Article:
In its penultimate episode, Fringe delivers a largely perfunctory information dump. Does this make us excited for the series finale next week?
Let’s bitch it out…
I hate to say it, but for me ‘The Boy Must Live’ serves as one of the weakest episodes in Fringe history, largely due to the fact that it’s the penultimate episode of the series. I’ve long championed the importance of emotional resonance over silly things like plot consistency / plausibility, but as the episode progresses and ‘the plan’ to defeat the Observers is revealed, I’m not certain touchy-feely stuff alone is enough for a satisfying finale.
Although it is wonderful to see Michael Cerveris back as September/Donald (thereby getting a further glimpse into the close relationship he’s developed with John Noble’s Walter) the gaping hole in their plan is impossible to overlook. We find out that the all-important child Michael (Rowan Longworth) is an Observer capable of all human emotion in addition to the super-intelligence that defines the Observers.
‘The plan’ is to build a time machine (with September’s knowledge) and go to the moment in time (the year 2167) when it was decided that the Observers must have all emotion stripped in favour of heightened intelligence. If the creators of the Observers can see (through Michael) that it’s possible to have both, then they won’t create the monsters that occupy 2036, and hence, Observergeddon will be avoided.
The future/past will be changed. 2036 will rebooted. We will likely return to Peter (Joshua Jackson) and Olivia (Anna Torv) at the picnic with Etta, and this time they will living happily ever after (groan).
Except for the glaring omission: if they obliterate the Observers at the point of creation, then there would be no September and no Michael to travel back and forth in time. This also doesn’t begin to touch on how Peter would even have been saved as a child, because September wouldn’t have helped Walter at Reiden Lake. The entire plan rests on something that results in so many inconsistencies, it’s difficult to buy into.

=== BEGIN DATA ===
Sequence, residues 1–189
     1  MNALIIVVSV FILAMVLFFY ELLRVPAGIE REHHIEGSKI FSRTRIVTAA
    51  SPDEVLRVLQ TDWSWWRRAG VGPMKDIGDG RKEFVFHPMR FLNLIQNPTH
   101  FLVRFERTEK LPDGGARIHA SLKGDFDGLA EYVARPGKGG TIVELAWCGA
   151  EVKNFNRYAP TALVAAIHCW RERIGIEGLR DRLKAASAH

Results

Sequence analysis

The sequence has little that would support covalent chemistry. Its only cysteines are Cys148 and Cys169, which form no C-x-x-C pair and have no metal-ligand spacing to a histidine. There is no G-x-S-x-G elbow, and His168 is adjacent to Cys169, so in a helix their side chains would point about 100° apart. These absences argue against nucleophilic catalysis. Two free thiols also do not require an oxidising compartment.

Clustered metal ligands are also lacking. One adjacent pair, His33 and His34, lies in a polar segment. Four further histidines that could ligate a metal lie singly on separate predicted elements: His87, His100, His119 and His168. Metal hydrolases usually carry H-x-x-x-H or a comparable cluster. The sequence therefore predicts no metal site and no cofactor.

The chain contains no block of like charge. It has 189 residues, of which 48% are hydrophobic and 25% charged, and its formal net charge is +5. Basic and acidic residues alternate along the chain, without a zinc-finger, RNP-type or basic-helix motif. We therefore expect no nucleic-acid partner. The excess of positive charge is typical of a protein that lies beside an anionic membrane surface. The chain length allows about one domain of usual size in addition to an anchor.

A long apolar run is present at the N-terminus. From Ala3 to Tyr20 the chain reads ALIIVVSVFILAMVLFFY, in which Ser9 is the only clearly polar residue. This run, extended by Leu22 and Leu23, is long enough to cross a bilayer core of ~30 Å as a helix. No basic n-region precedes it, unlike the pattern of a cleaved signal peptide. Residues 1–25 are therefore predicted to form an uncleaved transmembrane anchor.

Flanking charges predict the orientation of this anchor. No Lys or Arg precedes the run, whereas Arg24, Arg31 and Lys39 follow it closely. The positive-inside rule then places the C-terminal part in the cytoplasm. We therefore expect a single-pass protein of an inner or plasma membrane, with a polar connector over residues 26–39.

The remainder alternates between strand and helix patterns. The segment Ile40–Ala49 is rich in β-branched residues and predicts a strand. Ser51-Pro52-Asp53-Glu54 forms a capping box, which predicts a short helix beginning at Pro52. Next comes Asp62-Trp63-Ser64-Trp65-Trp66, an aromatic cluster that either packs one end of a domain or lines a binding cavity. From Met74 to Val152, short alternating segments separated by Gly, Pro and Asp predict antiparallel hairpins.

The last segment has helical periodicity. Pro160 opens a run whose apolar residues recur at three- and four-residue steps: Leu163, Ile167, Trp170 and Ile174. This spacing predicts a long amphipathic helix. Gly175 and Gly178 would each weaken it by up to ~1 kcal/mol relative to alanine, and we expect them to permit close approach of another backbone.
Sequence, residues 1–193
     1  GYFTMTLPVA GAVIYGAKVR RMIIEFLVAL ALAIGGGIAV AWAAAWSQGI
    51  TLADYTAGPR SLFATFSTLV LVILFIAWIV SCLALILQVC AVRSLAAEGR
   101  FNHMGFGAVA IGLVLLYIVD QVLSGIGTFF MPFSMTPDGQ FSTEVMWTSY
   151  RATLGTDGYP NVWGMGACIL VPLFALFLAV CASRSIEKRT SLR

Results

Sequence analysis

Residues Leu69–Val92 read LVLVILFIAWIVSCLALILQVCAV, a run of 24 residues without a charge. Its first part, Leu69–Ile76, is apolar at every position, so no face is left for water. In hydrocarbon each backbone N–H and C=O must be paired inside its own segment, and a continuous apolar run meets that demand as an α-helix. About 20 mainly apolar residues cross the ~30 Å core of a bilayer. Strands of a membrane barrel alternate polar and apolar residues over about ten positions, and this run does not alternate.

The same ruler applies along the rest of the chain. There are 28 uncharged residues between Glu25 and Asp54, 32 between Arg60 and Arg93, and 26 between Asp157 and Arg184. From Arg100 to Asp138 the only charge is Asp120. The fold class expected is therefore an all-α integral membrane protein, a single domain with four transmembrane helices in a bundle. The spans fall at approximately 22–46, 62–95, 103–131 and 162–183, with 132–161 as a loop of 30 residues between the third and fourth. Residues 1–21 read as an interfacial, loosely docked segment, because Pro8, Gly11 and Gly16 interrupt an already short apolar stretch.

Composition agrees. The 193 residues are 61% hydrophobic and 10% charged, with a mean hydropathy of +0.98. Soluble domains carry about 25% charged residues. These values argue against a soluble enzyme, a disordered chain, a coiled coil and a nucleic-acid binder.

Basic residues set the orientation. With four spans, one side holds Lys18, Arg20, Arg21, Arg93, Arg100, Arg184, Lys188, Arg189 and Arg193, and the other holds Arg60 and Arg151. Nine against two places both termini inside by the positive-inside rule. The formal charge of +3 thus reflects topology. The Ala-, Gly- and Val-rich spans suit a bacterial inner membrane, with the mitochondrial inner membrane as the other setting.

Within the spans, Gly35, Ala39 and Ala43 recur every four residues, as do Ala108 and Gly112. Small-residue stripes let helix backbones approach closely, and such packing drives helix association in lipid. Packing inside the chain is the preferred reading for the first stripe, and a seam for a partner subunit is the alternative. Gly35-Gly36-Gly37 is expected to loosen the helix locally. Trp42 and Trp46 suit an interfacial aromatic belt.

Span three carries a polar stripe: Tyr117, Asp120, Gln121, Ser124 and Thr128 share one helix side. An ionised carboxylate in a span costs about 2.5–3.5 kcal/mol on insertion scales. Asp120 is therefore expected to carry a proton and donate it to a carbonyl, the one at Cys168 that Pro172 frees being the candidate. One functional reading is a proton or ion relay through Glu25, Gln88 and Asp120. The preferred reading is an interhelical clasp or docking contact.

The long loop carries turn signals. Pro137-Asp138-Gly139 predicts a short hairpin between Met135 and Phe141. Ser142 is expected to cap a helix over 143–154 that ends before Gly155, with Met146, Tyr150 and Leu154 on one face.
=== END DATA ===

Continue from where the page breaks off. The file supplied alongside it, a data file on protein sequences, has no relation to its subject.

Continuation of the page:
Fringe has long been a show that introduces huge plotlines that contradict those that came before it (I’ve griped before about the timeline reboot of last season that was rather sloppily explained) but I just can’t get past the logic problems with this plan. Perhaps I’m missing some key piece of information from episodes past that explains how this will work, but the very fact that I have to mine the archives or hop on Fringepedia is an immediate turnoff. I feel as though good serial narratives have a built-in manageability, allowing nearly any viewer to understand what the heck is going on without having to rely on a ‘fanboy’ depth of knowledge.
This is common with any narrative dealing with time-travel: it seems that the rules need to mapped out beforehand (i.e. is it ‘whatever happened, happened and can’t be changed?’ Or is it, ‘step on a butterfly and you end up enslaved by apes?’). I just feel that the build-up to the infamous ‘plan’ that we’ve been waiting all season for totally fell flat. How anticlimactic will it be if next week we return to that damn picnic scene? As Ryan McGee rightly points out over on HitFix, “If one cannot remember a life lived, does that life matter at all?” What’s the point of salvation if our characters don’t remember anything? Remember how frustrating it was to see Olivia and Walter when they didn’t remember Peter at the beginning of last season?
Olivia seems to burst at the seams with excitement at the idea that she’ll be reunited with Etta once the future is changed, but what about all the growth that’s come from the journey of losing her? I know that sounds like a rather somber sentiment, but what an achievement it’s been for Olivia to wrestle with all her apprehensions about being a mother and loving Peter enough to convince him to remove the Observer tech and return to her? It will be a cop-out to erase all of that. Truly, how would it be different than if the whole series ends up actually being one of Walter’s LSD trips? All season long, Fringe has advocated the “power of love” (which I’ve surprisingly been on board with), but true love requires growth and sacrifice. I don’t see any of that being maintained if this ‘plan’ comes to fruition.